Why is torch.jit.script slower?

I compared the performance(speed) of Torchvision’s Squeezenet original model with torch.jit.script(model) which I expected to speed up because Torchscript was asynchronous, but the original model was faster. What’s the reason? Which one did I miss?

image

scripted model : 0.2353s
original model : 0.1644s

it is not asynchronous (beyond cuda kernel launches, which is not related to jit), just python-less execution mode with optimizations

one thing I’ve seen, is that some jitted operations incorrectly enable requires_grad

but simpler explanation is that you’re not measuring it right - time the THIRD call of compiled model (actually, from your screenshot it seems you’re compiling twice [i.e. two model objects], which is also incorrect). reason is that profiling mode executor creates optimized bytecode on second call.

Thanks for replying.
The time was measured separately between torch.jit.script and the original model.
like this,

torch.jit.script(models.squeezenet1_0(pretrained=True).cuda().eval())
torch.jit.script(models.squeezenet1_0(pretrained=True).cuda().eval())
#models.squeezenet1_0(pretrained=True).cuda().eval()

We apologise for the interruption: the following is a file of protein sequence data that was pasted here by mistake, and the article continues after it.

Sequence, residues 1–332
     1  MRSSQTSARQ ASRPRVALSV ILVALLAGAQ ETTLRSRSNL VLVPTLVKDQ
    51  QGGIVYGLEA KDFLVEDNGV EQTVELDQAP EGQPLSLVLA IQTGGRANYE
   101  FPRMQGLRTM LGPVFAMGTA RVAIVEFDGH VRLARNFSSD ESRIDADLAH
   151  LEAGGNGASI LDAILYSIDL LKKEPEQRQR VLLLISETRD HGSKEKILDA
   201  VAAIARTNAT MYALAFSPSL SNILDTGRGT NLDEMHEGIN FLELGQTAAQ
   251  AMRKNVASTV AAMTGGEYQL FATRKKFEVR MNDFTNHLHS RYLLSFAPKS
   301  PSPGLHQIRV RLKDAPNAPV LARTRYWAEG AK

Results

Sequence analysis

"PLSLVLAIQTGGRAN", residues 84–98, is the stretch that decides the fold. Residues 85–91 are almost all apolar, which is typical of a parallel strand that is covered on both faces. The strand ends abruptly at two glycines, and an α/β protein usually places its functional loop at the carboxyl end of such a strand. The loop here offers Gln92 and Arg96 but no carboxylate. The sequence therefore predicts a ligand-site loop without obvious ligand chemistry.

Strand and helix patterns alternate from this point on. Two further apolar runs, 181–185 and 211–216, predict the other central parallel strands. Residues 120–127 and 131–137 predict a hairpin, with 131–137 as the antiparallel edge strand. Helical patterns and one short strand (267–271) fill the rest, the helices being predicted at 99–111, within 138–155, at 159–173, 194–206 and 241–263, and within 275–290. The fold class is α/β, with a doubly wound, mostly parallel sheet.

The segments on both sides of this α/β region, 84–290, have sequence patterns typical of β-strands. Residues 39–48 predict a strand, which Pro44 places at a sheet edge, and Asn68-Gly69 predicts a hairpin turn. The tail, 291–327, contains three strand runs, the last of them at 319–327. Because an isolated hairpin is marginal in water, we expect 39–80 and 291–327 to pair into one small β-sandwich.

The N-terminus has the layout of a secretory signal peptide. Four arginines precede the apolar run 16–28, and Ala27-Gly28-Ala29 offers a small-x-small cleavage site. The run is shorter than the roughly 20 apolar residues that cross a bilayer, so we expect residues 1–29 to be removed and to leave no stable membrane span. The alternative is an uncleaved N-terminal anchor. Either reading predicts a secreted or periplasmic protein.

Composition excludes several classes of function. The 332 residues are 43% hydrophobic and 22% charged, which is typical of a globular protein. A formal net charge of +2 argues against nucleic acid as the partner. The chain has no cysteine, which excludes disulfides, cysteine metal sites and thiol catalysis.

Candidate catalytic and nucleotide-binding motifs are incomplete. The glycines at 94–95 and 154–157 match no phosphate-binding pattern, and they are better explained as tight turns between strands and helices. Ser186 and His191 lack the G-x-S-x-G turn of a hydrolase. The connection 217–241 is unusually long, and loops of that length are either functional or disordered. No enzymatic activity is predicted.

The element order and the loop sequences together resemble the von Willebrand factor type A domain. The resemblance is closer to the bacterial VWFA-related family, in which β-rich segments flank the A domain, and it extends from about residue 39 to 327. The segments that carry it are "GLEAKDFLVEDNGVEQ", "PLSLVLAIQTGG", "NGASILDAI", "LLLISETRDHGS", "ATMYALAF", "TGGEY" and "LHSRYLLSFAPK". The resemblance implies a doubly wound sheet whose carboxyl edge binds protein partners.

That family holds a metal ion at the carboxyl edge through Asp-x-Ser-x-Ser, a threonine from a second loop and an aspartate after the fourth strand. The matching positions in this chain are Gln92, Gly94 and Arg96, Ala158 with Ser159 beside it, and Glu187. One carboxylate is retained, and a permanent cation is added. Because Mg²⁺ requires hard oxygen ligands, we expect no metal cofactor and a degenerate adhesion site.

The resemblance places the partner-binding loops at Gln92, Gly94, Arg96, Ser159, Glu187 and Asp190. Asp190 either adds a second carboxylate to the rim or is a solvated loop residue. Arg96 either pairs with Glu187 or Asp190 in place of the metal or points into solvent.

#models.squeezenet1_0(pretrained=True).cuda().eval()

Then result is
image

#torch.jit.script(models.squeezenet1_0(pretrained=True).cuda().eval())
#torch.jit.script(models.squeezenet1_0(pretrained=True).cuda().eval())
models.squeezenet1_0(pretrained=True).cuda().eval()
models.squeezenet1_0(pretrained=True).cuda().eval()

image

Why exactly is Torchscript slower than pytorch?

as I said, do something like:
net = jit.script(models.squeezenet1_0(pretrained=True).cuda().eval())
net(x); net(x)

and only then measure time (e.g. %timeit net(x))

As you say, Torchscript is faster.
Is this the result of different ways of optimizing it?
I want a detailed explanation.

In a nutshell,

  1. “compilation” analyzes whole functions, with knowledge about variable types - some optimizations are done at this level (e.g. dead code elimination)
  2. python bytecode interpreter is not used to execute generated code - more specialized executor for statically typed code supposedly works faster
  3. fusion optimizations further compile specialized cuda kernels, so e.g. a.mul(b).add(c) is computed in one go
  4. some patterns have specialized optimizations, e.g. conv+batchnorm